Employers need to use the skills and talents of their existing workforce if they are to survive the recession.
That is according to the results of a survey undertaken by the Work Foundation, which revealed that 40 per cent of employees are over-qualified for their job.
The survey also revealed that 65 per cent of those questioned believed they worked for firms that were "rule and policy bound", but just five per cent were happy with that style of management.
Commenting on the existing situation, Ian Brinkley, co-author of the Knowledge Workers and Knowledge Work report, and associate director at The Work Foundation, said: "So far in this recession employers have been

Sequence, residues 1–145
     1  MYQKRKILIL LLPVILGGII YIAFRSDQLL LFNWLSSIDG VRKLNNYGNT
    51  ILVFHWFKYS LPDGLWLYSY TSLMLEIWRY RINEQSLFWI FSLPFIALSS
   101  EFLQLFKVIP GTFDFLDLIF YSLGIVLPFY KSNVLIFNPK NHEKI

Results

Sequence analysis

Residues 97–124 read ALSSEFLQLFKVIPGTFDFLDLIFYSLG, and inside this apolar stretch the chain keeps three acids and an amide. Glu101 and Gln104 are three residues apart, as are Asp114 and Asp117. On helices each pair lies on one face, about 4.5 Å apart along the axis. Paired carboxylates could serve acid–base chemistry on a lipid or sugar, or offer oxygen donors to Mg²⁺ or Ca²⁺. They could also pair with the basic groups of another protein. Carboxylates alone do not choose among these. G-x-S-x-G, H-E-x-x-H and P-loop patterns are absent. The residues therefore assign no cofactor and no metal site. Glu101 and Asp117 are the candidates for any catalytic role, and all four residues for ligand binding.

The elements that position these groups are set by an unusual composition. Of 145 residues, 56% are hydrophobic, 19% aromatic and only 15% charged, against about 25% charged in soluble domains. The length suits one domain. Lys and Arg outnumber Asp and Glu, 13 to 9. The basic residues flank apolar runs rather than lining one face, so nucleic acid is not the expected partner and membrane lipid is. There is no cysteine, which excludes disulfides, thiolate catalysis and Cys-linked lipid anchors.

reluctant to lose the skills, talents and experience of their workforces.
"Yet at the same time they seem to be failing to make the most of them. Many people could be doing more, but are denied the chance to do so."
He said that companies should be aiming to "give people more responsibility" and he suggested that they aim for "more autonomy for people and less intensive management".
David Kern, chief economist at the British Chambers of Commerce, recently called on the government to introduce "temporary measures such as wage subsidies" to help businesses through the recession.